Friday, June 29, 2012

7 Quick Takes

Boo asked to help with this post today. He's more talkative and coherent than he has been all week. Even minor infections seem to cause his dementia to be more pronounced. Today is a very good day.


These are my older granddaughters. Aren't they supposed to be smaller? They're beautiful and smart and very funny.


These are two of my younger granddaughters. They're beautiful and smart like their mother. Sorry Boo isn't giving their father any credit today. He's really a wonderful father.


Here are my son's children. Aren't they cute? I like that red hair! Boo has trouble seeing lots of things, but his grandson's red hair is definitely not one of those things. They're smart too. 
This is my four legged son, Boudreaux. He's my ring tail tiger cat. I don't think he really likes fish. I ran out of cat food one night this week and opened a can of sardines in oil for Boudreaux. Cats are supposed to like fish, right? Evidently not Boudreaux. He was most disturbed by that smelly stuff in his dish.
Boudreaux attacked the bush last night and knocked off all the flowers. Well, some of them anyway. We have no idea why he suddenly attacked the bush, but he really gave it quite a fight.
This was taken last night while Boo was watching Boudreaux outside.
This past week I had a time trying to figure out what cous cous and {ki yeah} was. I have no idea how to spell it yet. Boo was not feeling well and that's what he wanted to eat. In fact, that's all he wanted to eat. He couldn't tell me what it was. So, I had to investigate. I called a friend of ours who'd lived in Louisiana for years. He didn't know. I looked up Cajun recipes on the internet and found nothing that I thought might be what he wanted. I even called a restaurant with a chef from New Orleans. He was on vacation. One of Boo's sisters had heard of it, but didn't really know what it was. Another knew what cous cous was, but didn't think the boxed cous cous was what he really had in mind. She remembered their mother baking cornbread in a cast iron skillet, crumbling it, adding onions, peppers and leftover meat. That was it! At least that's the cous cous part. The {ki yeah} is thick buttermilk. Once I made the cous cous for Boo, he was able to explain the rest. Cajun comfort food!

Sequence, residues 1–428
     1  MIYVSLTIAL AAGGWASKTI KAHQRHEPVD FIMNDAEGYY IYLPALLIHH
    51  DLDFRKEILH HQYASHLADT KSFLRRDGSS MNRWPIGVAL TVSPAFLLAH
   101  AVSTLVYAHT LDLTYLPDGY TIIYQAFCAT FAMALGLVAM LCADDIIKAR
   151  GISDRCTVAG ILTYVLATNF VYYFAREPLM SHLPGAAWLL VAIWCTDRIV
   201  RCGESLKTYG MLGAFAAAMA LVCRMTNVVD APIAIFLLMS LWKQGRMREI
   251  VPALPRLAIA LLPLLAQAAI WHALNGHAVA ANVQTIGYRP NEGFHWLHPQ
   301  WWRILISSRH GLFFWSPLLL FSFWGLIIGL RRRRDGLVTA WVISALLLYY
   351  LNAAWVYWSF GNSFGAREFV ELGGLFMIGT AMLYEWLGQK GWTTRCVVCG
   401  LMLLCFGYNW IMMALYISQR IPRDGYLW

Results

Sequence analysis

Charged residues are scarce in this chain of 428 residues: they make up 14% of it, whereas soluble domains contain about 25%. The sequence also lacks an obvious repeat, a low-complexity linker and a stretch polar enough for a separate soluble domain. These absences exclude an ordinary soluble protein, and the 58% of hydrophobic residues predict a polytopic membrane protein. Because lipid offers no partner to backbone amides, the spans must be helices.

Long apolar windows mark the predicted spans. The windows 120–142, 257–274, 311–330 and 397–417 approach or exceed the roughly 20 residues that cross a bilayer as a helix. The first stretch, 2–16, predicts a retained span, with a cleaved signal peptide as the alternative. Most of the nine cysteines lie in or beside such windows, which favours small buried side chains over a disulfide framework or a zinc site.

Thursday, June 28, 2012

What Makes Me Happy?

What makes me happy?
       My husband...
          waking up next to him.
          listening to his crazy Cajun memories.
          taking walks in the cool evenings.
          praying together.
          watching him play with Boudreaux.
Life is precious and all too short.
I'm grabbing the good times
     with both hands
          and holding on.

Thankful Thursdays, Share the Joy Thursdays, Little Bits of Happiness

Tuesday, June 26, 2012

Ten Helpful Eldercare Items

These ten items are listed in no particular order.  These are items that we've found to be very helpful for our particular situation. 

1.  Heat Sensitive Thinking Putty

       This is an amazing fidget.  When Boo begins to get anxious, he rubs his leg or arm to help calm himself.  Once he actually rubbed a sore on his leg---in one night at the hospital.  Now, I know to hand him something to keep his hands occupied.  He really likes this Thinking Putty.  It's just the right size and texture to keep him happy for quite a while.  Boo's favorite, when he can see it, is the Heat Sensitive Sunburst Thinking Putty.  I like that it comes in reusable individual tins.  I keep one in my purse, one in our emergency bag and one in a basket on our dresser.  Timberdoodle has a large selection of Thinking Putties in a rainbow of colors to suit everyone.

2,  Medline Ultralight Rollator

Boo's rolling walker is an absolute must when he's walking outside or when we're away from home.  He has a more natural gait when he uses a rolling walker and is less likely to fall.  Immediately after his last two strokes, he simply couldn't manage a traditional walker and fell several times attempting to use one.  His rolling walker enabled him to get up and move with ease.  Another major benefit is that he has a seat when he tires of walking which happens frequently.

3.  Uniden Walkie Talkie